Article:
Last week, Football Federation chairman Stephen Lowy, the son of the previous chairman Frank Lowy, made some comments pertaining to promotion/relegation that grabbed some media and public attention. This system which is synonymous with football the world over including Australia, is something which the Aleague has been reticent to become a part of.
Periodical mentions of the open system by the powers that be seem to be akin to ritualistic sacrifices to appease the masses. The issue is one of the most divisive in our game with people being for or against it and there are also arguments of how and when it should be implemented. It is never far from the surface of any discussion about football growth in Australia and the FFA occasionally must broach the subject to calm the public like they’re volcano gods.
“We all understand the importance of promotion and relegation,” Lowy told the press.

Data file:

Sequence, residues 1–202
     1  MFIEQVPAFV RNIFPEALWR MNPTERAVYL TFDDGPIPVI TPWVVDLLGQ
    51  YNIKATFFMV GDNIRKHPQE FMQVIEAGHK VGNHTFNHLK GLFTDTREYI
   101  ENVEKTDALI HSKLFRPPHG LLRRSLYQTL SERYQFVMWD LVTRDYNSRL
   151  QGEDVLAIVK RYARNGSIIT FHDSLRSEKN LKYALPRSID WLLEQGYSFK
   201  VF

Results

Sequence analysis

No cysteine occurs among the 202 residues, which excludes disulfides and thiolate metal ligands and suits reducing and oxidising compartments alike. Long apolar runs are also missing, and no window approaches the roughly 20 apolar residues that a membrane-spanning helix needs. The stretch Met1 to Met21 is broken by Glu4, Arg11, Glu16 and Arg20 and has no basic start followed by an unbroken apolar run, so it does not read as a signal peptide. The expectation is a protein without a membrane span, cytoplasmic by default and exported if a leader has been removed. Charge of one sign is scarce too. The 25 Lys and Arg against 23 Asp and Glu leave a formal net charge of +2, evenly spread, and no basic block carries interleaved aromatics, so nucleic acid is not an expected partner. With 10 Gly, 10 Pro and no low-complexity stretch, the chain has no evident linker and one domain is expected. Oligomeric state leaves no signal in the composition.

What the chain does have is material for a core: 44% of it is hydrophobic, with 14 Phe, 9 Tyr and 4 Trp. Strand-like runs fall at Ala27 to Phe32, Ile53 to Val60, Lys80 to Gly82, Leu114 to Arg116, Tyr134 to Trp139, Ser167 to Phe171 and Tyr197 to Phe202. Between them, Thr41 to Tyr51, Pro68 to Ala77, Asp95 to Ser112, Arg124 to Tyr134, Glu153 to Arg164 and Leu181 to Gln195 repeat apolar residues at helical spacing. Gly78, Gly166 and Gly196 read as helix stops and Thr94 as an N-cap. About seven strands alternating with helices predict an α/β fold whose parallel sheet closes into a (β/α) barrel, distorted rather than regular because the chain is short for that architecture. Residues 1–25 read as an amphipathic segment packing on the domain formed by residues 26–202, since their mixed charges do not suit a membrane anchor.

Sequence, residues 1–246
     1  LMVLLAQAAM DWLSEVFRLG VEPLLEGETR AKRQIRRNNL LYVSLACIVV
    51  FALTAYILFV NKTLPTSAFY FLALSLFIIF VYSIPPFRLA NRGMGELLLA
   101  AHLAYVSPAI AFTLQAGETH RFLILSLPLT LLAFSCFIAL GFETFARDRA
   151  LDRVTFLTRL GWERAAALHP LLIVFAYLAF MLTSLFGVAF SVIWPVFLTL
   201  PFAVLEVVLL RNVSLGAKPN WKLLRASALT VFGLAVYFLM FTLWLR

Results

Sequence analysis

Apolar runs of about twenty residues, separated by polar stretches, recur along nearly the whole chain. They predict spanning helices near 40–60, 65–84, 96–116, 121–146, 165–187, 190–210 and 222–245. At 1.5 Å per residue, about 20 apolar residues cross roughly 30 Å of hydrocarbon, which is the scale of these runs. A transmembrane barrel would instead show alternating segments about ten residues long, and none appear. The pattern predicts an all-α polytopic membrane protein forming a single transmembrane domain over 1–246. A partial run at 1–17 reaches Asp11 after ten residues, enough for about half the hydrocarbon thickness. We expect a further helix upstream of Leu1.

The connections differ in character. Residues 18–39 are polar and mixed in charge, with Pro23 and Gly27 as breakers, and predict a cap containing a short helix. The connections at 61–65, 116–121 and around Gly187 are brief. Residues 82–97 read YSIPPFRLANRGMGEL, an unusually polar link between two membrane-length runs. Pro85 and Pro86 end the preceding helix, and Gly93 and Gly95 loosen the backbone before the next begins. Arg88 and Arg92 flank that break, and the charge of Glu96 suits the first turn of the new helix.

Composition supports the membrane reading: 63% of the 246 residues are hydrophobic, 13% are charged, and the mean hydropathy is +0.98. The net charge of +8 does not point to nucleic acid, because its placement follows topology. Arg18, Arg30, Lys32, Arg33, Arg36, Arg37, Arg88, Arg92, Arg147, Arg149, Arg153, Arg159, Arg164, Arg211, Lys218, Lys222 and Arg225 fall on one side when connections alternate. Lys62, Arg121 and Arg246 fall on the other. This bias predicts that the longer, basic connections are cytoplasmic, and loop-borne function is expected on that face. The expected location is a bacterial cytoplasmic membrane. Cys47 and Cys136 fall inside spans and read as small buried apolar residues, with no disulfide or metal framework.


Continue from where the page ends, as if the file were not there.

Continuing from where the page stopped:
“The game is not mature enough here right now. I don’t know how long before it is.
“We’ve got structural issues, we’ve got 10 licenses out there and they’ve got licenses for 18 more years. But I wouldn’t suggest that just on its own would exclude the concept of pro/rel.”
Lowy follows the same non-committal, vague statements that has been the norm over the years from the FFA. He talked about “maturity” of the game which could be interpreted in whatever way suits. He also mentioned an obligation to current Aleague owners while acknowledging that this is not a legal obligation.
This apparent obligation was brought up by David Gallop in March of this year when he said;